I didn’t realise that something was wrong until long after I had passed the point of no return. Long after we moved into the little house, complete with pictures of happier times and a sign reading Mr and Mrs. I was happy, even excited to play the role of the wife, cooking us dinner and rubbing the dirt off his work shirts. But I had no idea what to do once the dreams started and I found myself being the one waking up with him at night, comforting him, telling him that it was only a dream. And I didn’t know what to do when he started speaking about the voices in his head. The ones that were telling him what he had to do. I told him that he needed to see someone, we couldn’t do it on our own any more and I guess something in him saw the reality of the situation and decided for once to not fight. He saw a psychologist and they told him that there was something wrong with his mind and gave him pills to take. Once a day. They said that he had a negative self-image and a warped way of seeing the world. They also said that he needed to get out of the house. Surround himself with some nature. Flowers and trees. That sort of thing. When he got back home he asked me if I still believed that psychologists were the ones who “knew” things and we laughed at that. I wasn’t too sure any more. Still I made sure that he took his one pill a day because deep down I was hoping that the psychologist did know.

We had good days and bad days. Days when he wouldn’t get out of bed and I would go about my day trying my hardest to convince myself that I wasn’t dying on the inside. And then there were days when we would sit by the beach, wrapped around each other, and he would tell me about places he wanted us to go. Places he had seen in magazines and in his mind. Someday we will go to those places, he said. Some day.

One evening he came home and told me that he had it all figured out. He had received a message and now he knew how to make it all better. I wasn’t to worry any longer, everything would be fine. I asked him about this message and he said he couldn’t get into it now, that he had sworn a vow not to tell, but in time it would all be clear.

I remember very vividly, the chill that went through my body as he was saying all of this and I remember wondering if he had forgotten to take his pill that day. When I look back at that moment now, I wonder if things would have played out differently had I been more nosey, a bit more on the case. But however much I twist and turn it, I still come to the conclusion that the forces in motion were far more powerful than I ever was.

Later that evening when we had sat down for our dinner he announced that we were going out dancing. Tomorrow night, he said. I want you to wear your best dress.


I didn’t know what to think of this change of events. Change of everything that I had ever known. I wanted to ask him if he was okay but he seemed so happy, so normal. I didn’t want to ruin it with silly questions. So I put on my best dress.
The dance was really just a room that had been cleared of all furniture. But the atmosphere was refreshing. The girls were pretty in their dresses and the men were handsome. Everyone was dancing, holding on to each other or swaying their hips the way people do. To my pleasant surprise, he was talking to people, normally, almost charmingly and he even managed to crack a few jokes. I started to think that maybe, maybe this was a turning point. Maybe the message or whatever he had received had come from some higher realm. Some kind of power, finally giving him a well-deserved rest. It was one of the best nights of my life.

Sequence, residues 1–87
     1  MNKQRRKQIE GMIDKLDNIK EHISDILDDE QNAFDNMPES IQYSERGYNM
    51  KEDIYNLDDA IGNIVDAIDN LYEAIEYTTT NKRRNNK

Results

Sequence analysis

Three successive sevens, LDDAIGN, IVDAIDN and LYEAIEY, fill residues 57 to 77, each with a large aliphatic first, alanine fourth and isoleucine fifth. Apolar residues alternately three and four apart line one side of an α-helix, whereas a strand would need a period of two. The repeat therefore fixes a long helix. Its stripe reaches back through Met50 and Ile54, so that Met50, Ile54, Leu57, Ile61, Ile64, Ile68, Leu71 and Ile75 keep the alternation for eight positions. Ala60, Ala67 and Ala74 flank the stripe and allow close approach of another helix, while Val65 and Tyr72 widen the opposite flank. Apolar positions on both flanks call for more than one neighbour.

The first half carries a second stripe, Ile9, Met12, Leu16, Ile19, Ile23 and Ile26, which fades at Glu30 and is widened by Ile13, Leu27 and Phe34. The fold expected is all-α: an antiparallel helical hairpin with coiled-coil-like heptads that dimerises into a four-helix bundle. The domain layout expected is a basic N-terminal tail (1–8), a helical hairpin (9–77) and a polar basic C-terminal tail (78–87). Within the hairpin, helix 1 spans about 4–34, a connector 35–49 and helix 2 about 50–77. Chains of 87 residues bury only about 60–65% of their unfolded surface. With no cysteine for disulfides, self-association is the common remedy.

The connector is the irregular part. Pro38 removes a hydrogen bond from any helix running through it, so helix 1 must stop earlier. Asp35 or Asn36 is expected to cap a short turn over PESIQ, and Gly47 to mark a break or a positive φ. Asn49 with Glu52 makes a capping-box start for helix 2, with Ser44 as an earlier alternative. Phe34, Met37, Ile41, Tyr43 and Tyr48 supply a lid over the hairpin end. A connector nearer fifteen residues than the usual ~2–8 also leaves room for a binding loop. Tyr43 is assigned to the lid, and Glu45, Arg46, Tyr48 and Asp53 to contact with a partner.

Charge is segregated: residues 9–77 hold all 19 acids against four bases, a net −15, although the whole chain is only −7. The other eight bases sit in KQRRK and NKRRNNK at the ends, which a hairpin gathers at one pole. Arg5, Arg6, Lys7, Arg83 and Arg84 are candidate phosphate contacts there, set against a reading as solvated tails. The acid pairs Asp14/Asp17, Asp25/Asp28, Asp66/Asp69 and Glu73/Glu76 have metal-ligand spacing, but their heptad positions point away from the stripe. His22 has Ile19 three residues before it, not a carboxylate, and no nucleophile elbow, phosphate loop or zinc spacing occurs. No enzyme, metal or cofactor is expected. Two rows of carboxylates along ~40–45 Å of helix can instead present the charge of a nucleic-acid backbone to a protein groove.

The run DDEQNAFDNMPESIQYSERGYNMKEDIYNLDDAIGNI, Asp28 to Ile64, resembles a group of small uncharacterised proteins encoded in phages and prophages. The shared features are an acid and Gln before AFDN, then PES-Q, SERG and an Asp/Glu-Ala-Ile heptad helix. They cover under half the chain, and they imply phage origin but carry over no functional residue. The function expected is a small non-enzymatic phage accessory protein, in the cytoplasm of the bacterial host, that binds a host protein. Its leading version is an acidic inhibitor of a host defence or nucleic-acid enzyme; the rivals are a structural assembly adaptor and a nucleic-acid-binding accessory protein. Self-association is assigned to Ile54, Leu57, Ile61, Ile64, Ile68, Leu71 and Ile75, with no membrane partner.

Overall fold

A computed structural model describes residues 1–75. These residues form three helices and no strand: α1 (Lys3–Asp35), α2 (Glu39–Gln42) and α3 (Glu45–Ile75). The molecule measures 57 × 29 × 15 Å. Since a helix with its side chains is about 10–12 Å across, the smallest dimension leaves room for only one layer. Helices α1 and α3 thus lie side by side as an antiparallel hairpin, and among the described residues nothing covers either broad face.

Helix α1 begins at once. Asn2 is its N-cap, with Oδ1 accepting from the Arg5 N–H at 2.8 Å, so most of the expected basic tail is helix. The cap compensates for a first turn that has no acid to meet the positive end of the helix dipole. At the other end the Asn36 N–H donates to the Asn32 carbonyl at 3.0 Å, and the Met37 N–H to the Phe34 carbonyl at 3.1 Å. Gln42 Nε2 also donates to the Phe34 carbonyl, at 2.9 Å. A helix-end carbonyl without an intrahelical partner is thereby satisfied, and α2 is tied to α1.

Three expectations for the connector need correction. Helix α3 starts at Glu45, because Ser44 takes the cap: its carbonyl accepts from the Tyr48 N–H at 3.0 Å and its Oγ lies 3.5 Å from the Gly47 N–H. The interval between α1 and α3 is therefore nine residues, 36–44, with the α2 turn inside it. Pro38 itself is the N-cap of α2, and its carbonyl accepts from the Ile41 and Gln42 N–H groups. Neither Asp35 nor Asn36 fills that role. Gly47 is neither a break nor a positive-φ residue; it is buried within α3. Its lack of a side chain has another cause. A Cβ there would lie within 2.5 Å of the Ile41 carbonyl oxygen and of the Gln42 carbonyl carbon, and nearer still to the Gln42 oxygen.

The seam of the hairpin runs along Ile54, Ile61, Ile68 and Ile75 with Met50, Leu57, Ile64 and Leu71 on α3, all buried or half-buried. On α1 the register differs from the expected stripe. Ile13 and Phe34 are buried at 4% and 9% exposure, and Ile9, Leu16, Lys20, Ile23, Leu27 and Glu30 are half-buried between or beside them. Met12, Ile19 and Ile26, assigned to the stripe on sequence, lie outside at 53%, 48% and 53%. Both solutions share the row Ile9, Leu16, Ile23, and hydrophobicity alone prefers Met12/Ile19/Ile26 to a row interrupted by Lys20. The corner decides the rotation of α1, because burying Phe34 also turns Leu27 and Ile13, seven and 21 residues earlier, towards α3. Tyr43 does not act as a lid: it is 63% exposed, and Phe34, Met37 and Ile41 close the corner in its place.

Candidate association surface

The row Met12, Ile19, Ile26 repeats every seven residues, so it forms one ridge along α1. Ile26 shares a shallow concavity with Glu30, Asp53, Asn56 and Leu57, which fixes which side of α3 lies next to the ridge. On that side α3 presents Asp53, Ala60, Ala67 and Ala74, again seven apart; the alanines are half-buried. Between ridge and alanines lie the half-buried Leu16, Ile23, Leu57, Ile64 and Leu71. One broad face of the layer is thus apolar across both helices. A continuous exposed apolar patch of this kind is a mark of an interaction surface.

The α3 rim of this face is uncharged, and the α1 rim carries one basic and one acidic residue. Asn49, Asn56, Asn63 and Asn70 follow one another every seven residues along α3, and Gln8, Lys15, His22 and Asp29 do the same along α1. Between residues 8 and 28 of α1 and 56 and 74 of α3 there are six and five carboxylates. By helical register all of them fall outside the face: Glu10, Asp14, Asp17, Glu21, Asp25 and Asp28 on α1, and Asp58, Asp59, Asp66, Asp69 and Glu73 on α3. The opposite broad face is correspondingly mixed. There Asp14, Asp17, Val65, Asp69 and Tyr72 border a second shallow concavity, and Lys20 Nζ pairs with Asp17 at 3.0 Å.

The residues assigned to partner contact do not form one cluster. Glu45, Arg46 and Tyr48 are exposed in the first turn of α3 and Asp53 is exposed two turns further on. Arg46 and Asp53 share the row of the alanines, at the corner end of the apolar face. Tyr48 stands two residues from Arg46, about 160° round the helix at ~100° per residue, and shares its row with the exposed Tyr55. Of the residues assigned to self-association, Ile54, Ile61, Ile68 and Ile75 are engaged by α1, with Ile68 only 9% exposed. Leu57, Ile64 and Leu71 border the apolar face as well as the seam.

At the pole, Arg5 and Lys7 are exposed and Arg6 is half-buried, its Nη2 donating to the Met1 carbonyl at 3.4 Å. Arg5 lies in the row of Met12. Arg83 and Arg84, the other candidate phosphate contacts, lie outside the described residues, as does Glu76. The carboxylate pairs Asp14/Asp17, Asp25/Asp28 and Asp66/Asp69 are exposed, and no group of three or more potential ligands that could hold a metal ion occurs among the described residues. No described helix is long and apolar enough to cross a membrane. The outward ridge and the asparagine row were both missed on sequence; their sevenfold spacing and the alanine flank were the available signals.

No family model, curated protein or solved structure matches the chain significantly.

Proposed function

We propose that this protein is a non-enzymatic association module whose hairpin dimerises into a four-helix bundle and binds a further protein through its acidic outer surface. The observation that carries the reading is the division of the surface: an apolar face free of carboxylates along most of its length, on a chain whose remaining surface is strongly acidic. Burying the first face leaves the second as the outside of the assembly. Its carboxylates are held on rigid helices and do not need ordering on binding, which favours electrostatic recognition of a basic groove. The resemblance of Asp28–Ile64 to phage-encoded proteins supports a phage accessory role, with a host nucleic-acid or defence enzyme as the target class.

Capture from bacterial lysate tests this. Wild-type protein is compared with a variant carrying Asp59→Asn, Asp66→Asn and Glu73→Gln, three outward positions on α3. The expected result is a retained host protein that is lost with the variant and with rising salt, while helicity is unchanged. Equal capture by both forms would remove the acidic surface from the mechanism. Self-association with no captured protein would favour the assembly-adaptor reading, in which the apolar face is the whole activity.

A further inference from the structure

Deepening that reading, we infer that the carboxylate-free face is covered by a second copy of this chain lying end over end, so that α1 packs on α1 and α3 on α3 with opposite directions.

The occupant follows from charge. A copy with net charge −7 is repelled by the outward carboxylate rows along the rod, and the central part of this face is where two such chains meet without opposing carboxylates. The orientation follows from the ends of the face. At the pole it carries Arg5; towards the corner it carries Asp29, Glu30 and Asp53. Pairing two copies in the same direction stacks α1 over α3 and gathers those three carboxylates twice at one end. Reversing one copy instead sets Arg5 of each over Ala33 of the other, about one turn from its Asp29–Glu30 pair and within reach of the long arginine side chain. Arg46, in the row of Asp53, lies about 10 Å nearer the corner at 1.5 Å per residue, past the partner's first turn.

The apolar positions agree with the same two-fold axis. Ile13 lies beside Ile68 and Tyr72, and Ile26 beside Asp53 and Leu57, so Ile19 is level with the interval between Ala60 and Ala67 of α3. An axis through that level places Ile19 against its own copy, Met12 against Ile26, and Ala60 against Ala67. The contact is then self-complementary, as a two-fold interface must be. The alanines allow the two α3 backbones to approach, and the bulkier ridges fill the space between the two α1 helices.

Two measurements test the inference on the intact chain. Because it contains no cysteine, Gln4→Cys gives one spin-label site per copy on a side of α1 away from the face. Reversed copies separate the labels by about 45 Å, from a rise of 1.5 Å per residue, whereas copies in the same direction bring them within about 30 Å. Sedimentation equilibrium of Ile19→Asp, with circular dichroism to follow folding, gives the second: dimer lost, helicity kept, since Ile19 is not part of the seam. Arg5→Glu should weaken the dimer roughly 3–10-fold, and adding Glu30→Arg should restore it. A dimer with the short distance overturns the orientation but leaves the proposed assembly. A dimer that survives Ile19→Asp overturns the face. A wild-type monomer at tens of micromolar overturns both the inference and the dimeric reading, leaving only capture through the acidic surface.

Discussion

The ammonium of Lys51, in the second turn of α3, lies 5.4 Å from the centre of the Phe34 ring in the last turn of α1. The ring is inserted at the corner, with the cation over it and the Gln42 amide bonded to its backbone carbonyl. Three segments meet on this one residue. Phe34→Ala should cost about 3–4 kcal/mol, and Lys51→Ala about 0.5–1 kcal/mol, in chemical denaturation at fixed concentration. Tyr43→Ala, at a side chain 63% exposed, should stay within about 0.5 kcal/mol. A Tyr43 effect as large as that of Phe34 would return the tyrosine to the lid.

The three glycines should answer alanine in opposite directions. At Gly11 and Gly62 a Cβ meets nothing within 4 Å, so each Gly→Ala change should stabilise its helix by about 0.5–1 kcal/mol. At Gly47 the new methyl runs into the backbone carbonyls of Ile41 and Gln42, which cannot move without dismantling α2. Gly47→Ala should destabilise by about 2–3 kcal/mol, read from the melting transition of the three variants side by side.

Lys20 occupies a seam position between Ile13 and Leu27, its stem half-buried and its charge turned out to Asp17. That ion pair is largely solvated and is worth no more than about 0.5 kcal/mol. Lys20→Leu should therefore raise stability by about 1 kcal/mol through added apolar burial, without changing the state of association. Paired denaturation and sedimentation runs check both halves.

After the dance we decided to walk home. I was feeling a little tipsy from the wine I had been drinking and I was in a good mood, chattering away more than usual but I could feel a change in him although I tried to convince myself that it wasn’t so. As we were walking I grabbed for his hand and I was expecting that familiar squeeze, the soft caressing of his thumb on my skin, assuring me that everything was fine. Through all the years and everything we had been through he had never once failed to give that to me whenever I had asked for it. But that night, his hand was limp and cold and that’s when I knew that I had lost him.

He was gone when I woke up the next morning. I got up and made breakfast but I couldn’t eat. I washed all the clothes. Dusted the house. I swept the floors and polished every piece of cutlery that I could find, just to keep myself sane while waiting for him to come home. When I was done, the clock had made its way to six and it was getting dark outside. I started preparing dinner because a part of me still believed that he would be home any minute now, hungry for a meal. I set the table and I waited.

I’m not sure exactly when it happened but at some point while I was sitting there, staring at the empty plates in front of me, it dawned on me that he wasn’t coming back.  Not tonight and not ever. In that moment I knew that it was true and there was nothing else for me to do but to sit there in my solitude, and silently weep for the friend that had been taken away from me.


I wonder what was going through his head when he was firing those shots. If he knew the damage he was causing. I wonder if he would have done it if he’d known that the boy was only seventeen and that he was on his way to the supermarket to buy the ingredients he needed to make his mother a cake for her fifty-fifth birthday. And would it have made a difference if he’d known that the girl on the pavement, the one that seemed to be in a hurry, had just found out that she was pregnant and was rushing home to tell her husband the news? And finally, would he have turned the gun on himself if he’d known that I was planning to grow old with him? Planning to stay by his side until my dying day?

It amazes me, this thing we call life. How it can just grab you by the feet and turn everything upside down. He was here one day and then he was gone. And gone was the person that I had been with him. She couldn’t survive on her own.